“Anticipatory looking (manipulative prehension) begins to be learned at birth… With time, there is more feed forward and priming so that the hand is shaped to grasping as the reach is going forward.… Moreover, the sequence always ends at the mouth — never, be it noted, before the eyes for closer inspection or for bimanual manipulation.”

— Jerome Bruner

“Eye, Hand and Mind,” 1969


“The Ucs. [system unconscious] is also affected by experiences originating from external perception. Normally all the paths from perception to the Usc. remain open, and only those leading on from the Usc. are subject to blocking by repression.…

It is as though the unconscious stretches out feelers, through the medium of the Pcpt-Cs. [perceptual conscious system], towards the external world and hastily withdraws them as soon as they have sampled the excitations coming from them.

— Sigmund Freud
“The Unconscious,” 1915 / 55;
“A Note Upon the ‘Mystic Writing Pad’,” 1915 / 55


“The physical prototype of this good safe way of incorporating exists in the ‘good’ sucking activity at the breast, which takes without injuring (in fact produces more milk) and uses the good milk inside for growth and to become a good child to the mother. In sucking too the good substance taken in becomes hidden and irrecoverable, yet is known and felt to be indubitably there; growth and well-being testify to its presence.” (55)

— Joan Riviere
“On the Genesis of Psychical Conflict in Earliest Infancy,” 1936
(In M. Klein, Developments in Psychoanalysis )


“Clinical work knows little about how creative sublimation works, because it is mainly concerned with interpreting and translating the contents of unconscious phantasy… My point will be that unconscious scanning makes use of undifferentiated modes of vision that to normal awareness would be chaotic… [The] primary process is a precision instrument for creative scanning that is far superior to discursive reason and logic.”

— Amton Ehrenzweig
The Hidden Order of Art, 1967


“…rhythmic ocillation [between recognition of static visual patterns and thinking in sounds or movements] … may have a specific [brain] function … of transforming a spatial pattern of things seen [associated with reduced alpha activity] into a succession of signals in time [associated with high alpha activity]… The transformation from spatial to temporal coordinates is known…as scanning.”

— W. Grey Walter
“Activity Patterns in the Human Brain,” 1958


“Only images can set verbs in motion again.”

— Gaston Bachelard
The Poetics of Space, 1958


“Iconic mental states have, in other words, psychic force.”

— Richard Wollheim
The Thread of Life, 1984


“[The] image with its whole cargo of feeling…is the modulus of imagination. ‘In the complexity of our mental organization it is sort of living cell, which maintains its life through manifold and diverse transformations’.… Literally speaking imagination is the activity which embodies in mentally perceptible forms the effects of our sensory impressions, present and past. Fashioned by this action … the image is neither memory nor invention; it is sheer reprsentation…”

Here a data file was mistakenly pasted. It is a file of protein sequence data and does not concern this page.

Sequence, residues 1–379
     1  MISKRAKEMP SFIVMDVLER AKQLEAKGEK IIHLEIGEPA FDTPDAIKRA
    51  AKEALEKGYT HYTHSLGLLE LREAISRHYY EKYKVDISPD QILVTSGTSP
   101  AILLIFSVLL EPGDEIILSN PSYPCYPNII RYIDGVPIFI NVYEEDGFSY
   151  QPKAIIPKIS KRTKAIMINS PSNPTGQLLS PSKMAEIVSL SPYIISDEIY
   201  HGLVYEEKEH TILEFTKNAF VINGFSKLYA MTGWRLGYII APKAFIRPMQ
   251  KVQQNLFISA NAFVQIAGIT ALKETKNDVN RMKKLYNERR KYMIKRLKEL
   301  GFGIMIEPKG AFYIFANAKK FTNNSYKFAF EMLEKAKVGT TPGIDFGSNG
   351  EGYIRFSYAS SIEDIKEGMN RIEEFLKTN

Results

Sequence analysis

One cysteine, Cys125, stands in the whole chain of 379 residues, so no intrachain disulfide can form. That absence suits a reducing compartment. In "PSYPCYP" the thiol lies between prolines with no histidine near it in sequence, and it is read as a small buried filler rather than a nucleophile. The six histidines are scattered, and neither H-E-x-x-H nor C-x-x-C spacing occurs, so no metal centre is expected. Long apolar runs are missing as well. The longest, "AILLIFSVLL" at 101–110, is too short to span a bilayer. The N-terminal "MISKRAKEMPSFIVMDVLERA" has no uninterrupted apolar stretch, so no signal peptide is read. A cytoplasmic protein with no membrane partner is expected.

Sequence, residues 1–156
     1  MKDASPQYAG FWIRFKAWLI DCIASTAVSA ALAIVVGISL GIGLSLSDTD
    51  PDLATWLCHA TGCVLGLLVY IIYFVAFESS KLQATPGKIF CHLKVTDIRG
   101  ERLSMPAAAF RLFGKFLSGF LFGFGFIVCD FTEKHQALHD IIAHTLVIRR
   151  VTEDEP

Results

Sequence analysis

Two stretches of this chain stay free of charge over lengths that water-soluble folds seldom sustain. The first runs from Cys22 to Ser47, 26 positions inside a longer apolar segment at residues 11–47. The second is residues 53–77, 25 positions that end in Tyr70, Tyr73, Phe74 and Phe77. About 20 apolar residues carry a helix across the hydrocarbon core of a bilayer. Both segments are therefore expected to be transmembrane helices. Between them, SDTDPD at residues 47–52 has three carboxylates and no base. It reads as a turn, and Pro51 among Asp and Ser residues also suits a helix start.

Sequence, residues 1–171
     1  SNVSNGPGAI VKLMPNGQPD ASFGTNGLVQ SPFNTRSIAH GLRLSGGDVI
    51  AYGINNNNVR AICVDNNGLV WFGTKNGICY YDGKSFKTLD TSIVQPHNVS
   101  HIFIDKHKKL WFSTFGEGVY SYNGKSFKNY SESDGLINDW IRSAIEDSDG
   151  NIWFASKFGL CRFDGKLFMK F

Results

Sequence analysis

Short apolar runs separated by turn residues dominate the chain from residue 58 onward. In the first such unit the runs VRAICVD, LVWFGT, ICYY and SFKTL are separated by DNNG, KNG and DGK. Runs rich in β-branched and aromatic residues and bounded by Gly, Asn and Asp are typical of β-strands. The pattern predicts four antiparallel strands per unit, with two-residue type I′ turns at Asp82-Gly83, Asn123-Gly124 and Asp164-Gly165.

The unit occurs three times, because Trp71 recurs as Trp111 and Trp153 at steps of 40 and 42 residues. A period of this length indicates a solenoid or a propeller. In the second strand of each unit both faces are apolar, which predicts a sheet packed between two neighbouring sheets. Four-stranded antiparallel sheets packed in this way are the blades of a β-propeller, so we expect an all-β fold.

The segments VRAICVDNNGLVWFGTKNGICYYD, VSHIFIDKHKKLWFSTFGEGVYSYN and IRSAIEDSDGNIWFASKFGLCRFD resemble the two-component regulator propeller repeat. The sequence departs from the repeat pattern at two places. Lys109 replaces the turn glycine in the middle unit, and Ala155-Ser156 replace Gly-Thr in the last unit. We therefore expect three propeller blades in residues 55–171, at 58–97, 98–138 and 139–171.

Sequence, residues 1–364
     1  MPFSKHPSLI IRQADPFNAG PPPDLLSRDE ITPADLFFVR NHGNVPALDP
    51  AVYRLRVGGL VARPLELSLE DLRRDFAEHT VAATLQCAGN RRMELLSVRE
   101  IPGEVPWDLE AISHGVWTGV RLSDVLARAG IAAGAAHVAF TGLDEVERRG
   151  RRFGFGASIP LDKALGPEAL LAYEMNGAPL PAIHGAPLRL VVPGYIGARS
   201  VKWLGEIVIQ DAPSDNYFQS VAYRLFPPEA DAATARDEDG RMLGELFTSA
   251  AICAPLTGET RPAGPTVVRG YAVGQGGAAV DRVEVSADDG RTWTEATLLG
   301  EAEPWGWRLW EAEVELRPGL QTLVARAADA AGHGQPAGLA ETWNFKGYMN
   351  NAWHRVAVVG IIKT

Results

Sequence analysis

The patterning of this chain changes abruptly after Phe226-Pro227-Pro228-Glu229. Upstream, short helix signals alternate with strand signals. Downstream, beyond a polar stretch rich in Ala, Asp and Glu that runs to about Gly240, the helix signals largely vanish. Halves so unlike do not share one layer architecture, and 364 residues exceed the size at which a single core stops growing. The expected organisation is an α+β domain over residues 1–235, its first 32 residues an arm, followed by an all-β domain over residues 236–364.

The high intellectual value of images … lies in the fact that they usually, and perhaps always, fit more than one actual experience… Consequently, we tend to se the form of one thing in another, which is the most essential factor in making the maelstrom of events and things pressing upon our sense organs a single world. In this way all the things which one image roughly fits are gathered together as instances of one conception… The original image may have been derived in roundabout and irrecoverable ways. But it fits many impressions, even if somewhat imperfectly, nearly enough to permit their treatment as things of one kind.…
Ordilnarily, in the kind of thinking which civilized adults today call ‘common sense,’ every familiar physical object has a stable dominant gestalt according to which it is publicly classified, i.e., named; and how it is named determines the way we experience it even
privately.…”

— Susanne Langer
quoting Jean Philippe,
Mind: An Essay on Human Feeling,
Vol. 1, 1967; Vol. 2,1972


“Suppose we were to regard a dream as a kind of game which the dreamer played. (And by the way, there is no one cause or one reason why children always play. This is where theories of play generally go wrong.) There might be a game in which paper figures were put together to form a story, or at any rate were somehow assembled. The materials might be collected and stored in a scrap-book, full of pictures and anecdotes. The child might then take various bits from the scrap-book to put into the construction; and he might take a considerable picture because it had something in it which he wanted and he might just include the rest because it was there.”

— Ludwig Wittgenstein
Lectures and Conversations on Aesthetics, Psychology and Religious Belief, 1943/1978

 

 

Points on the collage path


Fragmentation

 


Get a box

 


Scan & grasp



Copy & cut

 


Make piles

 


Place & paste

 


Scan & speak

 


Picture the pictures

 


Make image strings

 


Double-dissolve and disperse

 


Put the collage in the archive

 

Return the signs to the universe